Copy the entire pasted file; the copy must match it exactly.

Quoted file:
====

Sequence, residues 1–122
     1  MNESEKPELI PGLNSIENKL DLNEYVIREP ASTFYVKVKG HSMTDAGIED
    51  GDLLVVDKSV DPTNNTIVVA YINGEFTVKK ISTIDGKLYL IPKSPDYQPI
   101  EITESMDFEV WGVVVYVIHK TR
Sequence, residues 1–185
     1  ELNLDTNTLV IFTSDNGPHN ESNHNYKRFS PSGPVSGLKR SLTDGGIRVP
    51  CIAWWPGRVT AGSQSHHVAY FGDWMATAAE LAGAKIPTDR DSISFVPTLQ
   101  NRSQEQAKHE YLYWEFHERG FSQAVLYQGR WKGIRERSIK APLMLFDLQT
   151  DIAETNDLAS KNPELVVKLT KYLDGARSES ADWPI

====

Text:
Sequence, residues 1–122
     1  MNESEKPELI PGLNSIENKL DLNEYVIREP ASTFYVKVKG HSMTDAGIED
    51  GDLLVVDKSV DPTNNTIVVA YINGEFTVKK ISTIDGKLYL IPKSPDYQPI
   101  EITESMDFEV WGVVVYVIHK TR
Sequence, residues 1–185
     1  ELNLDTNTLV IFTSDNGPHN ESNHNYKRFS PSGPVSGLKR SLTDGGIRVP
    51  CIAWWPGRVT AGSQSHHVAY FGDWMATAAE LAGAKIPTDR DSISFVPTLQ
   101  NRSQEQAKHE YLYWEFHERG FSQAVLYQGR WKGIRERSIK APLMLFDLQT
   151  DIAETNDLAS KNPELVVKLT KYLDGARSES ADWPI